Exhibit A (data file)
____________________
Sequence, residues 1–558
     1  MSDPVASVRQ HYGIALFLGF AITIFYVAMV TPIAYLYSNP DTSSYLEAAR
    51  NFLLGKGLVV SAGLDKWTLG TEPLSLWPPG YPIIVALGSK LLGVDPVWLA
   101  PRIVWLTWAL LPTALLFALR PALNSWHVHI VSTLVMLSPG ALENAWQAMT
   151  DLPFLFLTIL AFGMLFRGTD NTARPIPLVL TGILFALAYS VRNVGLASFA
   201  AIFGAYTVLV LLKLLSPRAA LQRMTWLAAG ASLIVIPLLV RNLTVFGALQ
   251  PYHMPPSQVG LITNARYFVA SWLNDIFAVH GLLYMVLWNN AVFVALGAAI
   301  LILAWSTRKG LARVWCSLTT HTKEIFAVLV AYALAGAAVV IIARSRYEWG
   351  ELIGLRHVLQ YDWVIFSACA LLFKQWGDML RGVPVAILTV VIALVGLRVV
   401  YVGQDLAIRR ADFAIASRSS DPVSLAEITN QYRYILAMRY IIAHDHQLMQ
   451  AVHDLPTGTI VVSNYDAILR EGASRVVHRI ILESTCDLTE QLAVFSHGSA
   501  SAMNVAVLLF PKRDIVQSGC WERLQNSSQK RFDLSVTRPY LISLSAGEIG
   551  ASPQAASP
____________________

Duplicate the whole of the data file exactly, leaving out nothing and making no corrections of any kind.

Sequence, residues 1–558
     1  MSDPVASVRQ HYGIALFLGF AITIFYVAMV TPIAYLYSNP DTSSYLEAAR
    51  NFLLGKGLVV SAGLDKWTLG TEPLSLWPPG YPIIVALGSK LLGVDPVWLA
   101  PRIVWLTWAL LPTALLFALR PALNSWHVHI VSTLVMLSPG ALENAWQAMT
   151  DLPFLFLTIL AFGMLFRGTD NTARPIPLVL TGILFALAYS VRNVGLASFA
   201  AIFGAYTVLV LLKLLSPRAA LQRMTWLAAG ASLIVIPLLV RNLTVFGALQ
   251  PYHMPPSQVG LITNARYFVA SWLNDIFAVH GLLYMVLWNN AVFVALGAAI
   301  LILAWSTRKG LARVWCSLTT HTKEIFAVLV AYALAGAAVV IIARSRYEWG
   351  ELIGLRHVLQ YDWVIFSACA LLFKQWGDML RGVPVAILTV VIALVGLRVV
   401  YVGQDLAIRR ADFAIASRSS DPVSLAEITN QYRYILAMRY IIAHDHQLMQ
   451  AVHDLPTGTI VVSNYDAILR EGASRVVHRI ILESTCDLTE QLAVFSHGSA
   501  SAMNVAVLLF PKRDIVQSGC WERLQNSSQK RFDLSVTRPY LISLSAGEIG
   551  ASPQAASP